I would simply repeat the above. Preach the Gospel (Christ died for your sins and was raised on the third day) then when the sheep come to faith by the power of the Holy Spirit (John 3:8) by the preaching of the Word (Romans 10:17) we live with each other and disciple one another and we grow faithful to the teachings of Christ that were preached by Him for His people. With this relationship of love with God and with each other and with such power we can be robust for the Gospel to the death to all nations; till the day we all drop to all peoples. How can you not live out such a life when you understand that “by grace you have been saved through faith; and this is not your doing, it is a gift of God, not by works so that no one can boast”? (i.e. the Gospel).

    3) As for wolves “within our fellowship”:
    My knowledge of leaders within our fellowship is, admittedly, limited. I was never into the inner-circle of things in the CofC and have personally always been positively most influenced by those outside of our fellowship (particularly in the last 2 years or so); namely John Piper, Tim Keller, Ed Stetzer, Matt Chandler, just to name a few; as well as apologetics expert James White.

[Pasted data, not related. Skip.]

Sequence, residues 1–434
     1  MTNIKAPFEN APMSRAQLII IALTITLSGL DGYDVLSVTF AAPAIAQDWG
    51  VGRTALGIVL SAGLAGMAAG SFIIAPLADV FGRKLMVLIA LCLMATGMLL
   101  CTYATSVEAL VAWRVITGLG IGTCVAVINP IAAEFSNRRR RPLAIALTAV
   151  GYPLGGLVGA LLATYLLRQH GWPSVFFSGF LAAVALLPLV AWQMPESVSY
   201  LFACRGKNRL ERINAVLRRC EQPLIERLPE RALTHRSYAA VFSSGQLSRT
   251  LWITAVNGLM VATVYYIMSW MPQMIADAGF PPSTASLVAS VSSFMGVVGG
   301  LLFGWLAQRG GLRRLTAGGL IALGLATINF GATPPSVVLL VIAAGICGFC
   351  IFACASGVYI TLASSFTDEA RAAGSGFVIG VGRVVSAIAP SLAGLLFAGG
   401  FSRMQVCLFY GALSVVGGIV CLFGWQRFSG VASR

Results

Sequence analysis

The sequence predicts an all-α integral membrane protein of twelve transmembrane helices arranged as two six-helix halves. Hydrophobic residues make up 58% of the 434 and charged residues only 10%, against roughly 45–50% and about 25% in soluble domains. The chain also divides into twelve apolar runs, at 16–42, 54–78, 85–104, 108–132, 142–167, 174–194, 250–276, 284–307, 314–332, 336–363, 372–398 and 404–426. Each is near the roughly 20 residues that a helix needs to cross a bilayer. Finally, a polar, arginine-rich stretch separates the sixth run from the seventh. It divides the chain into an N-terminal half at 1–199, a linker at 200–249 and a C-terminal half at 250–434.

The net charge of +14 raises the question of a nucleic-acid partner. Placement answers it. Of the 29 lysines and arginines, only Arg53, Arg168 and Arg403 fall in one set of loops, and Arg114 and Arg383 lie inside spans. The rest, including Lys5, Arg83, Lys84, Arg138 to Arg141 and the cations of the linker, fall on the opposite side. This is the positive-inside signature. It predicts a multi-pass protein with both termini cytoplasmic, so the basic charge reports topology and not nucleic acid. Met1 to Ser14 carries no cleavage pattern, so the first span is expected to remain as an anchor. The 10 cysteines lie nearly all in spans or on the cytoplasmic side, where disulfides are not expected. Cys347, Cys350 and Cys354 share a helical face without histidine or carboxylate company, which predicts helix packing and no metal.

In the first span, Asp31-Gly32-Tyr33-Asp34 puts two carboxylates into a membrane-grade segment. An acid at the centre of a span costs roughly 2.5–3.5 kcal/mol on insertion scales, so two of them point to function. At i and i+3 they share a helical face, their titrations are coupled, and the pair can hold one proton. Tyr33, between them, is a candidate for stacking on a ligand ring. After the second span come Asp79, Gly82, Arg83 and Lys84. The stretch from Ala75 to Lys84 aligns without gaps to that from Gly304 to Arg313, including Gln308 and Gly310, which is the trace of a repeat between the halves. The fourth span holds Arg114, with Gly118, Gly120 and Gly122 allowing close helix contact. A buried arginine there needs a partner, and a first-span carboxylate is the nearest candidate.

So when I speak of wolves, I speak of authors who I see are being read widely (which in and of itself isn’t necessarily a bad thing) and believed/trusted/relied upon for theological opinion (which is the danger and in my view reveals our lack of discernment). Three names immediately come to mind: Brian McLaren, Rob Bell, Doug Pagitt. These three popular authors (with probably less influence then I’m giving them credit for; seeing the demise of Emergent Village and other emergent cohorts as of late) twist the Gospel and have very questionable views about Jesus, God, and the Gospel; which therefore infringes on my stated hermeneutic above. Oh how I could go on and on about what they have said and written that raises huge red flags but I will not do that here. In my opinion, these men have snuck in under the cloak of questioning the practice of the church (which may be valid) … but being so close to orthodoxy to be damnable. They have led some astray by throwing the eternal-life-teaching-orthodox baby out with the church-practice bathwater. They gather the disgruntled former-evangelicals (usually middle to upper-class white people who grew up in legalistic type environments) and their ambiguity on crucial doctrinal matters like atonement, exclusivity of Jesus, biblical authority, etc. is enough. As G.K. Beale is quoted as saying: “The mark of the false teacher is ambiguity.”